Hello Mr. Hoby and the JCOS staff,
As a Jefferson County resident and frequent visitor to all of JCOS parks, I thank you for investigating a new management plan for Apex Park. The current management plan has proven to be inequitable between user groups, confusing for park visitors, and in my opinion has created far more user conflict issues than it has solved. To be honest, the current management plan seems to have been set up for failure. So, bravo for taking the time and initiative to devise and implement a new plan that will address the needs of park users more coherently.
Upon reading the initial draft management plan proposal released on or around February 13th, 2020, a couple of points stuck out to me. It was encouraging to see a plan for designated use days. However, the things that weren’t as encouraging to me were the biased amount of days given to foot traffic access, and simply the number of trails and trail miles that would be affected by limited access. My primary mode of recreation is mountain biking, and I have long felt Jefferson County has a strong bias against bike access in their parks. The new draft plan did not assuage this feeling. And just seeing how much of the park would be affected by the management plan was not encouraging from a general user’s perspective: the access points and connectivity with other parks in the area would be greatly affected. Simply put, there were too many trails being restricted for any user group, and visitor satisfaction would have decreased too much.
I follow the communications of several advocacy groups in the area, including Golden Giddyup and COMBA. Both groups sprung into action after the initial draft management plan was released, identifying red flags and brainstorming potential alternatives that would offer more equitable solutions for the management of the park. I am happy to say that I generally support the findings and work of these organizations, and I believe they have done a great job of identifying the potential problems with the draft plan, as well as offering alternatives that would work better for all users: alternatives that more completely address safety concerns, equality of access, overcrowding, and overall visitor experience. Their documentation is linked below for your reference:
Whatever plan is ultimately implemented for Apex Park, I believe Jefferson County has a responsibility to compliment that management plan with fair and unbiased education and communication to park visitors. For too long and too often, signage and communication at trailheads has been biased against mountain bikers, much of it bordering on “shame messaging” tactics for bikers to be in control, be aware of other trail users, etc. I am 100% supportive of riders being in control at all times on public trail systems, but I feel that it is equally as important that all trail users are aware of their surrounds and are considerate of others regardless of their mode of travel. Off leash dogs, hikers and runners with ear buds playing music too loud to hear outside noises, and pedestrian trail users not respecting restrictions and/or closures are issues that are rampant throughout the JCOS park systems. An education and communication strategy that includes outreach specifically to hiker, trail runner, and equestrian as well as mountain bike groups will be critical in ensuring any new management plan is successful. Signs at the trailhead aren’t going to be sufficient. I believe we only need to look at Centennial Cone as an example of the need for increased outreach to hikers, trail runners, etc. According to a JeffCo ranger I had the pleasure of speaking with at length last summer, the number of citations given out to bikers at Centennial Cone on hiker-only days could be counted on a single hand whereas warnings and tickets were given to hikers on most every bike-only day.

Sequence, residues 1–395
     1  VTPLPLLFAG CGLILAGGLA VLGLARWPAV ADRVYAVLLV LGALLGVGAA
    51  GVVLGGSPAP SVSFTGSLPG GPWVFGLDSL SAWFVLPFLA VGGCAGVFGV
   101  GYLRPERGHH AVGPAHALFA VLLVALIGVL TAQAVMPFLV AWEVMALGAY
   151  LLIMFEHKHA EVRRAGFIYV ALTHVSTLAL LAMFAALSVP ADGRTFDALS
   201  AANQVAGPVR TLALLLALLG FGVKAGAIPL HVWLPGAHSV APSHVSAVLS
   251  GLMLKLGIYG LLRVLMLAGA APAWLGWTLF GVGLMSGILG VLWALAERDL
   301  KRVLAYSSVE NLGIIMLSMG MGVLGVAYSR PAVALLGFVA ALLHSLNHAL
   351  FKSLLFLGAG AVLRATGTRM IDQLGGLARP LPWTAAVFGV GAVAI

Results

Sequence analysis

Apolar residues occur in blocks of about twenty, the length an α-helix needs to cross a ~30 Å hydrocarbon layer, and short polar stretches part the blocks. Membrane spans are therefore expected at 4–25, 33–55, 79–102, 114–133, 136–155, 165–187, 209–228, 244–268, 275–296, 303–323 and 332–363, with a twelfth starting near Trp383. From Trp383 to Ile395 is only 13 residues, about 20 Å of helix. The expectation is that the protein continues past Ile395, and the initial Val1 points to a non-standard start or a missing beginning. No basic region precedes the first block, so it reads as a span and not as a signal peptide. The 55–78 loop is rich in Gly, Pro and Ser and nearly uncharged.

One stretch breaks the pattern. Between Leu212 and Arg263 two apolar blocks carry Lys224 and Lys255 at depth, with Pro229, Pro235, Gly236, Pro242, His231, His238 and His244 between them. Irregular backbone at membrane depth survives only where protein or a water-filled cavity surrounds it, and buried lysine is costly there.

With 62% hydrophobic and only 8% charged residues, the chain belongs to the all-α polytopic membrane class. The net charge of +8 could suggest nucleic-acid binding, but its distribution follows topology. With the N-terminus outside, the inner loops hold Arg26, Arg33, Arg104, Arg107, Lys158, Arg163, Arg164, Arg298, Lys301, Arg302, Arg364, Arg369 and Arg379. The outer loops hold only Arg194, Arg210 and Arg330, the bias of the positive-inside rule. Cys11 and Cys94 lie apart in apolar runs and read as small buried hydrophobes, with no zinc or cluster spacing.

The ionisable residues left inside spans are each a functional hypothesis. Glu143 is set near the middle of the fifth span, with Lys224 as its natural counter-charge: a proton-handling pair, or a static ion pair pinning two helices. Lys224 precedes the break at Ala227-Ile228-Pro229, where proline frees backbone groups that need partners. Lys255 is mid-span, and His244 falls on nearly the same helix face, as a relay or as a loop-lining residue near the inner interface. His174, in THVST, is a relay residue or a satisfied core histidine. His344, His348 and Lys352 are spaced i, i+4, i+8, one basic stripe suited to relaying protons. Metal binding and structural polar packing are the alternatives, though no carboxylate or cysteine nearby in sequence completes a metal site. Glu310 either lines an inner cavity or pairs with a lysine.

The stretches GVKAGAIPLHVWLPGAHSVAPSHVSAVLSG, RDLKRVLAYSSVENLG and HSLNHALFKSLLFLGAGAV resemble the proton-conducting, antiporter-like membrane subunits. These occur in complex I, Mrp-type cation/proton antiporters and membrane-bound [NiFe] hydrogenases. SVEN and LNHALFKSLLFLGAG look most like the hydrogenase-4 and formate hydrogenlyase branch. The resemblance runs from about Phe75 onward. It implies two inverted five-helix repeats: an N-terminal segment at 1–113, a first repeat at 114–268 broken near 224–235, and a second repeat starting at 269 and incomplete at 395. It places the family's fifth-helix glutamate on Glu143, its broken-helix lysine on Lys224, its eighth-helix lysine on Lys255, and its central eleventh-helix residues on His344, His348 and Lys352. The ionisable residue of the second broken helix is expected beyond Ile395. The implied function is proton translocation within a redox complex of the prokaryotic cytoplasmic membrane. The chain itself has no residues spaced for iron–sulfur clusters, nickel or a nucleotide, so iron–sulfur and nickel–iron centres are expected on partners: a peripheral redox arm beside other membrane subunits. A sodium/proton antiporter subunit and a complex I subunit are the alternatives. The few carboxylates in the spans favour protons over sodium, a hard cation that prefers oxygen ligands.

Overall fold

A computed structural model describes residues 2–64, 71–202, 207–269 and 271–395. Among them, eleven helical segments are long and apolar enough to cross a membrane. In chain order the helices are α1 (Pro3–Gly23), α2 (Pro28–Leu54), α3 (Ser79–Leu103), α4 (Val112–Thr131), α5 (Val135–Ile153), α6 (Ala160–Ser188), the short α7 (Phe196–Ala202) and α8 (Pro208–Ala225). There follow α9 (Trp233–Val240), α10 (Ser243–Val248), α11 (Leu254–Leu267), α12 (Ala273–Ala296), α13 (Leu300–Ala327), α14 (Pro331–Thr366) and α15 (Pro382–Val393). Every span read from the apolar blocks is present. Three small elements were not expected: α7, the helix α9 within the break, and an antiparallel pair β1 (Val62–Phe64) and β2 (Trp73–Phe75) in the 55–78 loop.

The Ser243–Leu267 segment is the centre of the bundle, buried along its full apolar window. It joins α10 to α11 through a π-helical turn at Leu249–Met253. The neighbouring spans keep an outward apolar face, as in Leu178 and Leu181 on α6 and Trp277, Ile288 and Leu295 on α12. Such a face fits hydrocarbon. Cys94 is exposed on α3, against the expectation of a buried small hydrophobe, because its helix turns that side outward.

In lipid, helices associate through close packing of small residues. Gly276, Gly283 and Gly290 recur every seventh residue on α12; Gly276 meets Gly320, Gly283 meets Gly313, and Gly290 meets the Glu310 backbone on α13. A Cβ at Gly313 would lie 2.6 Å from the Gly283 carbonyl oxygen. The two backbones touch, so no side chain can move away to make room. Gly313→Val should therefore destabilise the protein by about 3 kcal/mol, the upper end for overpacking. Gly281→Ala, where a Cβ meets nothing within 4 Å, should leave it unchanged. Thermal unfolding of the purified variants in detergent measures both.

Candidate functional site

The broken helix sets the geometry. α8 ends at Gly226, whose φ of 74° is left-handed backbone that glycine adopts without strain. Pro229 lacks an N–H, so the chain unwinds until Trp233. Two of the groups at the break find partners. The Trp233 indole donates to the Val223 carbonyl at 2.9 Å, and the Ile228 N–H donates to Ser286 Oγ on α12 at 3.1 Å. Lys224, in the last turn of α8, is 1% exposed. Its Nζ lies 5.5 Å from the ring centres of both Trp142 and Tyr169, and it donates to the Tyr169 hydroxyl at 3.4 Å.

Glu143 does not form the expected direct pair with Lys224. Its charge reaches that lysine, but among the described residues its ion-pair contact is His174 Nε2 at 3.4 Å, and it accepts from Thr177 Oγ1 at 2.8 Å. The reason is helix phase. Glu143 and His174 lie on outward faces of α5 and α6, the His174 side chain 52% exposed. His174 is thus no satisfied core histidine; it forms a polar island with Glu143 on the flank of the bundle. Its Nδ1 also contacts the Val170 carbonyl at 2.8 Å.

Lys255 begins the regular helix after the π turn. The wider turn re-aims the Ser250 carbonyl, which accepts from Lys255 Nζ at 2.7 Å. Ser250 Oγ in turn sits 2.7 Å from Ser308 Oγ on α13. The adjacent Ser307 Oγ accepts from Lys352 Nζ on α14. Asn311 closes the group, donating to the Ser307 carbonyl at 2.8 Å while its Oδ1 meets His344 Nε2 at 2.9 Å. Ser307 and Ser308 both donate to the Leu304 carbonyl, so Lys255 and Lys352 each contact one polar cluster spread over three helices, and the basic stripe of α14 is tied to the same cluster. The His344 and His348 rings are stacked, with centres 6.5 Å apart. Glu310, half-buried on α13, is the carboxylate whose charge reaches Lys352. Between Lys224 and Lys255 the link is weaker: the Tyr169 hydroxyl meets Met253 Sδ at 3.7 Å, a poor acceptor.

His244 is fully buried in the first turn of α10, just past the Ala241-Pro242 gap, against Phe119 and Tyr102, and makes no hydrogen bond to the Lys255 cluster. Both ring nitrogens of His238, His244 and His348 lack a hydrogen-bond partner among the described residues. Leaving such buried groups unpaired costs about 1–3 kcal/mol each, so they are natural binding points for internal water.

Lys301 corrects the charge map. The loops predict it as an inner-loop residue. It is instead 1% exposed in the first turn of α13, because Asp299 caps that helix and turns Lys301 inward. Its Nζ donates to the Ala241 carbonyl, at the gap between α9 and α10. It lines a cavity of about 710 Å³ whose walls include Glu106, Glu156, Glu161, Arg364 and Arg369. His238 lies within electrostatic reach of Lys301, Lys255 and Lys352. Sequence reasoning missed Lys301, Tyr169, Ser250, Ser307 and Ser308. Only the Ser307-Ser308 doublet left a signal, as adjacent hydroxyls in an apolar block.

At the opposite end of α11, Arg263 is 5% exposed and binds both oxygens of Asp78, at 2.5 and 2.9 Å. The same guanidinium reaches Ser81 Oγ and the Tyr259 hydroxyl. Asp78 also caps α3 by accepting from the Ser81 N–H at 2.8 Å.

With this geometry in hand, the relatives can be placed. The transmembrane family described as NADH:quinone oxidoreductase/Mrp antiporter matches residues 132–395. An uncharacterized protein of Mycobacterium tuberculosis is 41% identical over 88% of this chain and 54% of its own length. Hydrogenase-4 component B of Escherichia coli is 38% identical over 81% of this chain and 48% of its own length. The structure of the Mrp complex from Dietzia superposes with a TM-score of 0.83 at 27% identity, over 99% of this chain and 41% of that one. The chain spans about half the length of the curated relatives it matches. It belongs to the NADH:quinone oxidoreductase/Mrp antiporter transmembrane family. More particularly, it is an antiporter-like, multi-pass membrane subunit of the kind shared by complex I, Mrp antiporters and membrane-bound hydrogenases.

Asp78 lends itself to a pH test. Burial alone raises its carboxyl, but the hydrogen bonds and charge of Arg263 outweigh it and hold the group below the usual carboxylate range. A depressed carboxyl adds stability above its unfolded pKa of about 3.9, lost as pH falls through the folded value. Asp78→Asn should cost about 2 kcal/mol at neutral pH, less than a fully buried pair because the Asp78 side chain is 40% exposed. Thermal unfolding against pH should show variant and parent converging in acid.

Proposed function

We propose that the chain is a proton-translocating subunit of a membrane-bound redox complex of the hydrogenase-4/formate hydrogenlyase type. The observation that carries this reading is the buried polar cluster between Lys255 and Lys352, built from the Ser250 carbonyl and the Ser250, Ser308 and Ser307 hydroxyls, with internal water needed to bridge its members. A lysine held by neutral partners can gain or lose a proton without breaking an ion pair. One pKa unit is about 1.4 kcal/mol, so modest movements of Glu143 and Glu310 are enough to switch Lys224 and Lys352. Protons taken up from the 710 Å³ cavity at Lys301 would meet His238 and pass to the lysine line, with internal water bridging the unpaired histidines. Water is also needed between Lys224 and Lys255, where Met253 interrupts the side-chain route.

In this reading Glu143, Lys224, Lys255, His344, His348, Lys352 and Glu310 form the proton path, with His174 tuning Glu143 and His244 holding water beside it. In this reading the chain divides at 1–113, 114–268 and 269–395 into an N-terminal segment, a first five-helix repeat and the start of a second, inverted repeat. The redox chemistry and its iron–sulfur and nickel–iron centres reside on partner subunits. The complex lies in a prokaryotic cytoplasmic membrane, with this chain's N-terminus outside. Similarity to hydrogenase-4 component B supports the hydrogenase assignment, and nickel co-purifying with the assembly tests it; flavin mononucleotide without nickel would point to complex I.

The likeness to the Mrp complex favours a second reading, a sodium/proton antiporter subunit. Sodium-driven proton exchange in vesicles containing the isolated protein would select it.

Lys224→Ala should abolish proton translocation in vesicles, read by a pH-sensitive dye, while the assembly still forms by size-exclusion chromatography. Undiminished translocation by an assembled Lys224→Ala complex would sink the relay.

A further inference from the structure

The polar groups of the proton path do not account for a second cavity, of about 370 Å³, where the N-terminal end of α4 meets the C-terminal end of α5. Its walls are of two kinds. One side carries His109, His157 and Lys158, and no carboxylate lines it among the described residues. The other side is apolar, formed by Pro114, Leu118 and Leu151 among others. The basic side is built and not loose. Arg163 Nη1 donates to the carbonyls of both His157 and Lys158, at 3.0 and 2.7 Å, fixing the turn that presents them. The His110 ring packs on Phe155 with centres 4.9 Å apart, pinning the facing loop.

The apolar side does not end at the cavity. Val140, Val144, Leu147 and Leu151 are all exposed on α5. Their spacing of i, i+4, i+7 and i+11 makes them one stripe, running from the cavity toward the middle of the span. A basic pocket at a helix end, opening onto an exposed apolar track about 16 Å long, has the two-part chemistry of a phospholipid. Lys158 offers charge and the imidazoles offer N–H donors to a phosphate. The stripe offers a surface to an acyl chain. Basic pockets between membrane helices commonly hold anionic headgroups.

I truly appreciate the time and effort that is going in to fixing Apex Park. It offers an exceptional and unique experience unlike any other park in the county. I’ve seen a lot of change at Apex over the years, as far back as the TUTF and the current restrictions, the 2013 floods, and even before. My hope is that a comprehensive and equitable management plan is possible. And while no plan will be “perfect” to any one user group, I believe that be working together we can craft a solution that meets the goals of JCOS and the needs and desires of the park visitors.
Thanks very much for your time and attention.